The Federal Circuit recently vacated PTAB final written decisions that rested on a claim construction contradicted by the patent’s prosecution history. Specifically, in D’Agostino v. Mastercard Int’l Inc., No. 2016-1592, 2016-1593 (Fed. Cir. December 22, 2016), the court vacated the Board’s IPR decisions of unpatentability of method claims in two patents directed to processes for generating limited-use transaction codes to be given to a merchant by a customer for the purchase of goods and services. The court determined that the Board’s decisions rested on an unreasonable claim interpretation of a “single-merchant” claim limitation, noting that, contrary to the Board’s claim interpretation, “[t]he prosecution history reinforces the evident meaning of the single-merchant limitation as requiring limiting, to one, the number of merchants that may use the transaction code, without identifying the merchant.” The court’s decision serves as a good example of how the prosecution history may aid a patentee in defending against patentability challenges in AIA trials.
The two patents at issue were U.S. Patent Nos. 7,840,486 B2 and 8,036,988 C1. Each claim of the patents either contained a limitation “limit[ing] a number of transactions to one or more merchants” or “limiting transactions to a single merchant.” Claims containing the one-or-more-merchants limitation could not be patentable if claims containing the more restrictive single-merchant limitation were found unpatentable. Accordingly, both the Board and the court focused on the patentability of the single-merchant limitation. The Board found that a prior art reference, Cohen (U.S. Patent No. 6,422,462), met the single-merchant limitation through an embodiment that limited credit card transactions to a particular chain of stores. As a result, the Board determined that Cohen anticipates or renders obvious all claims.
The court concluded, however, that the text of the claims reciting the single-merchant limitation requires a temporal separation between when the account holder sets at one the number of authorized merchants and when identification of a particular merchant occurs. The court noted that, during prosecution of the application, the patentee distinguished one reference as not disclosing limiting “a transaction to a single merchant prior to any particular merchant being identified.” The court further noted that, during the reexamination prosecution, the patentee distinguished the claims over Cohen by arguing that “a particular store or chain of stores limitation is an identity limitation whereas a single merchant limitation is a numerical limitation.” The court therefore concluded that the single-merchant limitation “requires, simply that, when the transaction code is requested, the request limits the number of authorized merchants to one but does not then identify the merchant, such identification occurring only later.”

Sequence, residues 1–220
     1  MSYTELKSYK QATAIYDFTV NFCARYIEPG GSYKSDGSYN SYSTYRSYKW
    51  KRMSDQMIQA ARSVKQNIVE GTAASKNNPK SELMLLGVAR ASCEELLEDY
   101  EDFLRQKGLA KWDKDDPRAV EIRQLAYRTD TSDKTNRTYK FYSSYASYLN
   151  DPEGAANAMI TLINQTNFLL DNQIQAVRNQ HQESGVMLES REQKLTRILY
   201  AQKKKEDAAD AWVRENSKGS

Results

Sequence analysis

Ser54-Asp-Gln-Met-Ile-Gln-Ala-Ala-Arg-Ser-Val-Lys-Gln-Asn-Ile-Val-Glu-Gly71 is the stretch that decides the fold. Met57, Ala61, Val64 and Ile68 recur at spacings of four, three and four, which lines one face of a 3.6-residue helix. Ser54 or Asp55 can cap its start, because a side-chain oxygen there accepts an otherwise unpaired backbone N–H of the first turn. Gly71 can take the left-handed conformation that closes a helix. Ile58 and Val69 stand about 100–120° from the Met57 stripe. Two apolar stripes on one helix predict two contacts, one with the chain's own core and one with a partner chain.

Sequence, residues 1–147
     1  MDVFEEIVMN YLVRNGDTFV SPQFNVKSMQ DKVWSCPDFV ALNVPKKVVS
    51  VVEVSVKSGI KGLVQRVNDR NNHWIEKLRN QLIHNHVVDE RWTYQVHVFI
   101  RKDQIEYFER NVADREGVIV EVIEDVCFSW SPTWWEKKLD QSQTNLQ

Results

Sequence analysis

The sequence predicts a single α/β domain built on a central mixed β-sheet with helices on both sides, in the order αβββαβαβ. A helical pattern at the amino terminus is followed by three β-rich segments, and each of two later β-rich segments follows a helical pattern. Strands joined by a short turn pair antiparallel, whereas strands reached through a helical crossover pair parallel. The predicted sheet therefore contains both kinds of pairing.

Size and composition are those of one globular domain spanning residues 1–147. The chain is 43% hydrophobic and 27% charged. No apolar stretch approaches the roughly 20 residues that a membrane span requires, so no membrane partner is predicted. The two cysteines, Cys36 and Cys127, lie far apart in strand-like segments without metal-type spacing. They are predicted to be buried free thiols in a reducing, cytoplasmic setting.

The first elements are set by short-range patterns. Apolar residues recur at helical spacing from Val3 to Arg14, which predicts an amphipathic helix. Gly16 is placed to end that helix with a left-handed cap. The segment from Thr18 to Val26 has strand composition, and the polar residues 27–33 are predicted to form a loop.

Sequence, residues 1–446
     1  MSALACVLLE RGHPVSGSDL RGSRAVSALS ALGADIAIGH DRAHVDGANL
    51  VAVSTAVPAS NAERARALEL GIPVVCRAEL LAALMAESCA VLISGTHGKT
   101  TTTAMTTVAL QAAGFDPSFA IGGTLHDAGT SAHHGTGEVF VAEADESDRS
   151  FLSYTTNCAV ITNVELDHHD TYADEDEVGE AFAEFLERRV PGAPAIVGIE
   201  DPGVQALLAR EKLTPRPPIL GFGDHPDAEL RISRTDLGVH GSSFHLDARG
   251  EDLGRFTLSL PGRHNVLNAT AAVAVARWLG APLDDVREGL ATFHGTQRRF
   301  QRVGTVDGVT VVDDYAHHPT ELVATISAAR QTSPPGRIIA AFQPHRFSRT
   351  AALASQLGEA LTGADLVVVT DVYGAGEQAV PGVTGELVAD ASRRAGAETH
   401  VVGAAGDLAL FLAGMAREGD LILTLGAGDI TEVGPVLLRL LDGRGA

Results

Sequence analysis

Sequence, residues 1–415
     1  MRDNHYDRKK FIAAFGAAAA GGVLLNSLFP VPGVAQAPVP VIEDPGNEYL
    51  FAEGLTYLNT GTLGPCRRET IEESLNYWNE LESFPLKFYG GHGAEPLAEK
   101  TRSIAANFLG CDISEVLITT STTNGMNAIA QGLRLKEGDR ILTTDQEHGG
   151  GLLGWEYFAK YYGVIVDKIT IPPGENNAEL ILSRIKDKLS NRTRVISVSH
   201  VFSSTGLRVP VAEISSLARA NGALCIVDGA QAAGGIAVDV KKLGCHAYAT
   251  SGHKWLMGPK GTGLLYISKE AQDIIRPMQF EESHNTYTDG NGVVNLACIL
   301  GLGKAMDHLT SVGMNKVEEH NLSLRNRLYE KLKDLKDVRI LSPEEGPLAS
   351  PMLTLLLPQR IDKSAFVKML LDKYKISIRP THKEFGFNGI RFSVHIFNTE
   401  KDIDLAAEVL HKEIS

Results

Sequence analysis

Arguments made by the patentee during the reexamination were “relevant as reinforcing the evident meaning of the claim language at issue, whether or not it would meet standards for disclaimer or disavowal.” In support, the court relied on Cordis Corp. v. Medtronic Ave, Inc., 339 F.3d 1352, 1359 (Fed. Cir. 2003), in which the prosecution history of a patent during reexamination did not reach the level of clear and unmistakable disclaimer but nonetheless influenced the proper claim construction. Practitioners should remember that prosecution history during reexamination may be useful even when it does not rise to the level of a disavowal of claim scope.